Before my first big trip to study in Morocco for three months, I would define myself as a pretty happy person. I only ever got frustrated with school, work and of course my parents. Seeing the world opened a new door and in it was a big ass mirror; now it was time to question myself. When I began to gain the global perspective of others first hand, life, politics, society and people just became too overwhelming. I could see and understand multiple perspectives but could never come up with one clear answer. I had so many debates regarding Islam, Christianity, gender, extremism, socialism, and feminism, all while studying Arabic, trying new foods, hearing new music and visiting new places. There were so many different ways to think, and so many ways to view life that I was beginning to lose my own voice, forget who I was and even began to question who I wanted to be.

“I wish I could freeze this moment and sit here for eternity. It’s nice to slow down, rest and take it all in. Love who you are, who you’re with and where you are. If I can take that with me home, I know I can be happy anywhere”

January 12, 2019

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“I think the more I challenge myself and try new things, the more I believe I can do anything. I think ‘If I can do this, then you can survive being on your own’, I’ll get through it.”

March 28, 2019

When your personal life views and practices are challenged in such a fast, and intense way, it becomes a bit disheartening at first, and I believe this is because it’s your first “break-up” with yourself. You are a snake shedding its old skin to begin anew. Initially, I began to resent the way I was raised, taught and thought. This resentment quickly turned into nihilism where I felt nothing mattered anymore, including myself. With time, I learned that just because something doesn’t have an answer, that doesn’t mean it’s not worth questioning – there is value in debate. This was my first step towards finding love for the world.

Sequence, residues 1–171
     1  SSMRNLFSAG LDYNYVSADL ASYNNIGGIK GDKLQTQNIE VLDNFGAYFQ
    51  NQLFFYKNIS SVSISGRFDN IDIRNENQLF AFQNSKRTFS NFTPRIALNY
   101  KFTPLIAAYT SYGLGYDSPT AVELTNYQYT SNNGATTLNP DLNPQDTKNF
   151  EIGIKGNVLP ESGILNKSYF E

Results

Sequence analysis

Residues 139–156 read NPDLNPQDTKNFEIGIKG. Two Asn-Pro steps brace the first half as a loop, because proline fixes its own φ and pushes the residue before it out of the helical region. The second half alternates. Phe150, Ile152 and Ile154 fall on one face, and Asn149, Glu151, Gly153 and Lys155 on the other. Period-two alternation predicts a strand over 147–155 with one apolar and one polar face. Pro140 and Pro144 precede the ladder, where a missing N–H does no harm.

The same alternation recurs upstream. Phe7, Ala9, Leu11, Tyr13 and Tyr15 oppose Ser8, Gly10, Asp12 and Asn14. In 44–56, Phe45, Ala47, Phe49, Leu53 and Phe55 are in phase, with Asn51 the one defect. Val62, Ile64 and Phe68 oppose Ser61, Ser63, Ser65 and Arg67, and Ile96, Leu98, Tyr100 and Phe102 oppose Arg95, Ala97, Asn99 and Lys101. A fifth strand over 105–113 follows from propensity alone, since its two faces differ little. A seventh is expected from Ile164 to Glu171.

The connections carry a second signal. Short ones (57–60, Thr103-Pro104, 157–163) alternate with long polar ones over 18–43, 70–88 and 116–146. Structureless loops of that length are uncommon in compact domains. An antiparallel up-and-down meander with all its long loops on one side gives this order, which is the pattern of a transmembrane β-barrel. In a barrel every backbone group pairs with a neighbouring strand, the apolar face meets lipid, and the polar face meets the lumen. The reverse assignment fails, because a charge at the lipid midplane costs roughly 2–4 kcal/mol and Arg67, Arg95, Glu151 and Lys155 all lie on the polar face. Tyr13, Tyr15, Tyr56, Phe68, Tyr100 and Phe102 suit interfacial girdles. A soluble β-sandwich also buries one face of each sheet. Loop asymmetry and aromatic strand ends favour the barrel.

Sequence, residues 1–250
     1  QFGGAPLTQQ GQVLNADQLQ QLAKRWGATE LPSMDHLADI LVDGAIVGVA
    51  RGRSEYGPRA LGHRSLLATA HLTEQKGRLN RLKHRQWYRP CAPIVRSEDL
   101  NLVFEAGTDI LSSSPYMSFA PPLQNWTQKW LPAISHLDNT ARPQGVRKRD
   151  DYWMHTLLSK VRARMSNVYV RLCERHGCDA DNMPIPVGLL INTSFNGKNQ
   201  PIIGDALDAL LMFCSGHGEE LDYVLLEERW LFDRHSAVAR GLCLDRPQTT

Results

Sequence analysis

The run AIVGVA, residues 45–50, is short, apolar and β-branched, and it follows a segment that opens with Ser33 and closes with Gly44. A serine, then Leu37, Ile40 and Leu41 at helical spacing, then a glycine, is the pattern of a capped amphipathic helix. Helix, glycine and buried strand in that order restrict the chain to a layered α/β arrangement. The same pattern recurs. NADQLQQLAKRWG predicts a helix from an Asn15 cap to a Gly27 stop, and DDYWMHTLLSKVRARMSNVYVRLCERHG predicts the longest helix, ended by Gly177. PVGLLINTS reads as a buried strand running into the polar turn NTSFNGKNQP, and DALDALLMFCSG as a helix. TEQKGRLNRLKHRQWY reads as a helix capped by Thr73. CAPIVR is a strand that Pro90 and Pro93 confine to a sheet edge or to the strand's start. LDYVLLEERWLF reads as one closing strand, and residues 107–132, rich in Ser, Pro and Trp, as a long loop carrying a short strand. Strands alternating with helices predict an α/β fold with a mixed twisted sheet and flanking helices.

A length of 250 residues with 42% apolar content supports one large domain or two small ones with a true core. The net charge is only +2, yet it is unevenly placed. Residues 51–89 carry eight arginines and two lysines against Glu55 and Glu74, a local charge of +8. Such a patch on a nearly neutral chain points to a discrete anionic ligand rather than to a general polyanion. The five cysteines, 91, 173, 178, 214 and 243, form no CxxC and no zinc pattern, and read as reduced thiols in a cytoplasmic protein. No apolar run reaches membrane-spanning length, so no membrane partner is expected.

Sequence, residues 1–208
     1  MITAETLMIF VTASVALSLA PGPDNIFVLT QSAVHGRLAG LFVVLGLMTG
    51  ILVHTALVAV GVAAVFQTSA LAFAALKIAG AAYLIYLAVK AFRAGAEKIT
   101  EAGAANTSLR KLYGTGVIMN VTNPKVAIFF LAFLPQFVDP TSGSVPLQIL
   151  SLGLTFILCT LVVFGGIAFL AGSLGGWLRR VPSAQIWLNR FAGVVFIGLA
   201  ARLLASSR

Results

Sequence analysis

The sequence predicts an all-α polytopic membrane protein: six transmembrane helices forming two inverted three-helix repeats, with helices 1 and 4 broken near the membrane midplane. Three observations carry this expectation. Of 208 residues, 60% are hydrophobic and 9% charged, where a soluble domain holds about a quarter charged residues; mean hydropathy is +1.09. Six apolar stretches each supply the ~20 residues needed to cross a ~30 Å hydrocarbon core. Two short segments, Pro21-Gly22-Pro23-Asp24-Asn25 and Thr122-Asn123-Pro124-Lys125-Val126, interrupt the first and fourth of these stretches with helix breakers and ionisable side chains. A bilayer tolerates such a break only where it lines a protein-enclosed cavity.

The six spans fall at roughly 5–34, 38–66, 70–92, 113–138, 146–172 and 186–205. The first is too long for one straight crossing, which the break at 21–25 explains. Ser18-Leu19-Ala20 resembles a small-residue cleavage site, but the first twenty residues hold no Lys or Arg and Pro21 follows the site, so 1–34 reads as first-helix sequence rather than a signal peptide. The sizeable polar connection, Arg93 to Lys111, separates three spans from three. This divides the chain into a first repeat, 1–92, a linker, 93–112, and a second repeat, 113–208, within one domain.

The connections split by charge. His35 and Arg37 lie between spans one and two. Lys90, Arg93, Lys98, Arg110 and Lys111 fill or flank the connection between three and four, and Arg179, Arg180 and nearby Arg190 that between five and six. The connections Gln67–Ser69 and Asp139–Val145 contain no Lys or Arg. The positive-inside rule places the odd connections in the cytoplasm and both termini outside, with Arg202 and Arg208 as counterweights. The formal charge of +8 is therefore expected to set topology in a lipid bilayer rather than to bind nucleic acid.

“There is still pain for me to deal with, but everyday I grow, I learn, and I better myself to overcome the demons and pain that reside within me.”

February 7, 2019

My second largest trip was to Italy as an Au Pair where I learned to love myself in a place where I struggled to connect with others. I had to be somebody I trusted, someone I could feel comfortable with – I was my greatest company because I had to be. Although I was welcomed by an amazing Italian family, there were constant moments of separation. I could not speak Italian, and so birthday parties, play dates, and trips to the coffee shop were all met with a sense of division. It takes time to not feel awkward when a group of people are speaking a language you cannot participate in. Eventually I learned how to read body language in order to understand what was happening around me. The experience is humbling, and enables me to appreciate culture, language, and the natural beauty of conversation. By taking a step back, and viewing the world from a different perspective, you find a new appreciation not just for the world, but your place in it.

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“Without people, without connections, without relationships, none of this matters…none of it. I need people just as much as people need me. To talk , communicate, and share.”

March 28, 2019

My latest trip took place in Southeast Asia where I visited Thailand, Laos, Vietnam as well as Australia. This trip taught me how to be vulnerable in loving others. I learned the risks involved in emotionally putting yourself out there and creating deep connections; that there is a chance of getting hurt when doing so. But by limiting yourself to others, you’re limiting yourself to the full potential of life and your imprint on it. Over the last two years, ten months have been spent traveling and living abroad, all while finishing my final year of studies. While my personal connection with myself continued to grow, and my love for the world matured, I became distant with those back home. Less time with them physically also meant less time building and deepening relationships. I felt more alone at home than I ever did as a solo traveler abroad. Although my growth in love was always being watered, there were moments upon returning home that I felt more lonely than ever. No one cares about your identity struggles or existential crisis when you’ve just arrived back from Europe, or Asia, etc.; and so…you fake it. You tell them about visiting white sand beaches, seeing the Colosseum, swimming in the Mediterranean, and eating amazing paella in the beautiful city of Barcelona; the rest is too personal, too depressing and not what people expect after an eventful trip in a new country.